The average standby current for the PayPhone Project was ~250mA with everything on: the VOIP Obihai device, the WiFi bridge, the overhead LEDs, relays, etc. With 20Ah we had a run time of about 80 hours. I set a calendar reminder and replaced the battery every 3 days and never had a power outage. In the future we could run two batteries in parallel (one stacked on the other inside the base) and get perhaps 10 days of run time with two 30Ah batteries.
The firmware for the Payphone is fairly straight forward. We look for the user to lift the phone off the hook, then start tracking what number is dialed or if a coin is deposited. If a coin is deposited, allow the call to go through. If the number is allowed without a coin (ie, 911, 303-284-0979, etc) allow the call to go through. If there is no coin, and the phone number is not a 'free' type, then hang up the VOIP and connect the user to the 'Please deposit a coin' MP3.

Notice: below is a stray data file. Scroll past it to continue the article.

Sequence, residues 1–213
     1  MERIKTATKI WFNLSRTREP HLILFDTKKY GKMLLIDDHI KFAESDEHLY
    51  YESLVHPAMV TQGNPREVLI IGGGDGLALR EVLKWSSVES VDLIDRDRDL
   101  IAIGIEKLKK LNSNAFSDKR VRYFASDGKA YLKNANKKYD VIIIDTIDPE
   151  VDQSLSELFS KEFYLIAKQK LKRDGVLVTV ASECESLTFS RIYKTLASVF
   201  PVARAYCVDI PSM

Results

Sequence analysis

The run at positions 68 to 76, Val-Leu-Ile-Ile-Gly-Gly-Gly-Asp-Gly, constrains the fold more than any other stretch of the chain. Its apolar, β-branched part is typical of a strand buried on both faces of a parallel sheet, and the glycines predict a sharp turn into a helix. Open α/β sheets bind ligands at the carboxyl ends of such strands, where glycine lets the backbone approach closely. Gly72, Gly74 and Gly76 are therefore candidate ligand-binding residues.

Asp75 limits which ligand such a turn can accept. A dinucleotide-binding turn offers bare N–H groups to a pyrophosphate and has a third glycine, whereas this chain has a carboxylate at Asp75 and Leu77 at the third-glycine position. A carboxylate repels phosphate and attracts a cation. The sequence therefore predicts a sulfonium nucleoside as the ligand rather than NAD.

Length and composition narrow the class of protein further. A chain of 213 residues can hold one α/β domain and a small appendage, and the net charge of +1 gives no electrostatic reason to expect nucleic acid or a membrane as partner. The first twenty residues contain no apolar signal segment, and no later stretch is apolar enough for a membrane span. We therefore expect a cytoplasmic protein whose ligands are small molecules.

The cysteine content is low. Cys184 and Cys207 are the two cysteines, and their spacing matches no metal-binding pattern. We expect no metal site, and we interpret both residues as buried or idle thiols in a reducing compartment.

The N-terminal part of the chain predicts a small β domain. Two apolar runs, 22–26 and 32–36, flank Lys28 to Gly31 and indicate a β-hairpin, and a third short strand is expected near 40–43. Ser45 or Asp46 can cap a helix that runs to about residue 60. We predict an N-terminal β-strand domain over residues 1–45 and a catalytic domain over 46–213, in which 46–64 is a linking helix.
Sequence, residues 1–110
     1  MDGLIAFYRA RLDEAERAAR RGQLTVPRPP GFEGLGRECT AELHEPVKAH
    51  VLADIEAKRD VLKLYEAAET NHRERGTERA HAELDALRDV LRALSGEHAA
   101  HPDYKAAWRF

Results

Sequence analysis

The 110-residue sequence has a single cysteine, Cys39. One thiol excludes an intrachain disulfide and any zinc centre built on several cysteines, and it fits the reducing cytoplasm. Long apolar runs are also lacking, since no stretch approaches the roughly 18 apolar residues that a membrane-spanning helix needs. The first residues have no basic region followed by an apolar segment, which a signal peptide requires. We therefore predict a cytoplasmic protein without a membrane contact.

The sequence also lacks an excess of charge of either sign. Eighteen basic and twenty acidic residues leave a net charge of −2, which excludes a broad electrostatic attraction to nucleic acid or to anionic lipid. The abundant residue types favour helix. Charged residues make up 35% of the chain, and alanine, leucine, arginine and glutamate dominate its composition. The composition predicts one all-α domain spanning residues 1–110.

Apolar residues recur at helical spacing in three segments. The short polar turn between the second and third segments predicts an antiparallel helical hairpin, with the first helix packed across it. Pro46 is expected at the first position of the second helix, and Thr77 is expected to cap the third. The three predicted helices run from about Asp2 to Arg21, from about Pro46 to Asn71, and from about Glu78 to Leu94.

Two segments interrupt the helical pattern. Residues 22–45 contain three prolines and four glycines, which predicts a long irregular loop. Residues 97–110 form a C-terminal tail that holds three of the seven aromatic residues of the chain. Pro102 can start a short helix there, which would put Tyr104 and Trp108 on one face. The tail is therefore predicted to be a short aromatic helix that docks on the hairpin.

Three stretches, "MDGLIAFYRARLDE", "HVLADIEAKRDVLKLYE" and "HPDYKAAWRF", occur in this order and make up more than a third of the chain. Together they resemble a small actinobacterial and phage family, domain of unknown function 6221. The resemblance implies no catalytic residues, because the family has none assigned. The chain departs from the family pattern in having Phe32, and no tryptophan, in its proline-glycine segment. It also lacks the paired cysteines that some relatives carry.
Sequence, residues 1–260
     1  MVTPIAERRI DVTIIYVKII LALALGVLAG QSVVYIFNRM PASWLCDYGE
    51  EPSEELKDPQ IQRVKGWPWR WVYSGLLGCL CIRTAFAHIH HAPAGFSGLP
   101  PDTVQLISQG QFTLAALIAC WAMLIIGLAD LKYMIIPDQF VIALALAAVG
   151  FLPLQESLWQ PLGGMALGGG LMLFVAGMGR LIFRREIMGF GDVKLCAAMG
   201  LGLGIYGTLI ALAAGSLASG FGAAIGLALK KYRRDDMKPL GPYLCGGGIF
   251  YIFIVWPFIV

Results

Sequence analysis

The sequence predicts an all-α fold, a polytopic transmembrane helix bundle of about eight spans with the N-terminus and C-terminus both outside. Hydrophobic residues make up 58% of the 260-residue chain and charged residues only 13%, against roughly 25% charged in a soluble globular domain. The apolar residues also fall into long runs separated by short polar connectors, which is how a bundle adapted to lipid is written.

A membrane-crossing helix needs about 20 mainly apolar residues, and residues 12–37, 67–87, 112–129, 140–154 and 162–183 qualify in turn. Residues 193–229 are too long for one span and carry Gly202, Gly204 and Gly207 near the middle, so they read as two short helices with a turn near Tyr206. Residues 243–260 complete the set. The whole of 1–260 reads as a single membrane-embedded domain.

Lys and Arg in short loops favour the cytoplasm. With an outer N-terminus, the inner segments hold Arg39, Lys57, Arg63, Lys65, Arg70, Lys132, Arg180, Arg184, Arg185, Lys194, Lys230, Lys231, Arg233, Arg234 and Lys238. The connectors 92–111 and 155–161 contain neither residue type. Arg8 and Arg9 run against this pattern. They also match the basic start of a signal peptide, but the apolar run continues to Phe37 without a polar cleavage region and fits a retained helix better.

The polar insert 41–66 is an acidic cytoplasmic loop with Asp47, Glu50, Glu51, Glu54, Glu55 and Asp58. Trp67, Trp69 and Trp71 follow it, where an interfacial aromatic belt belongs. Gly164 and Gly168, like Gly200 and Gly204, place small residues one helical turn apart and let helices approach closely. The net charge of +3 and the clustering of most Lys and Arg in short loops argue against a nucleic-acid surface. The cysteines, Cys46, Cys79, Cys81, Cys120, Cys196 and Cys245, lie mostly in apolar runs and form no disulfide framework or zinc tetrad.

While electronics are important, the 970-HA-JOKES Payphone Project needed to look good for maximum giggles.
Ok, maybe we got a bit carried away, but it was COVID.
For anyone who has lived in Colorado for awhile, Qwest was the household name when it comes to telephone providers. Making this Qwast made sure to let anyone know this was not your normal payphone.
I knew we had done a good job when my neighbor asked how I felt about the phone company putting a payphone in our neighborhood. I had to explain to her that it was a joke project that I had built and as soon as she saw the Qwast logo, her laugh made it all worthwhile.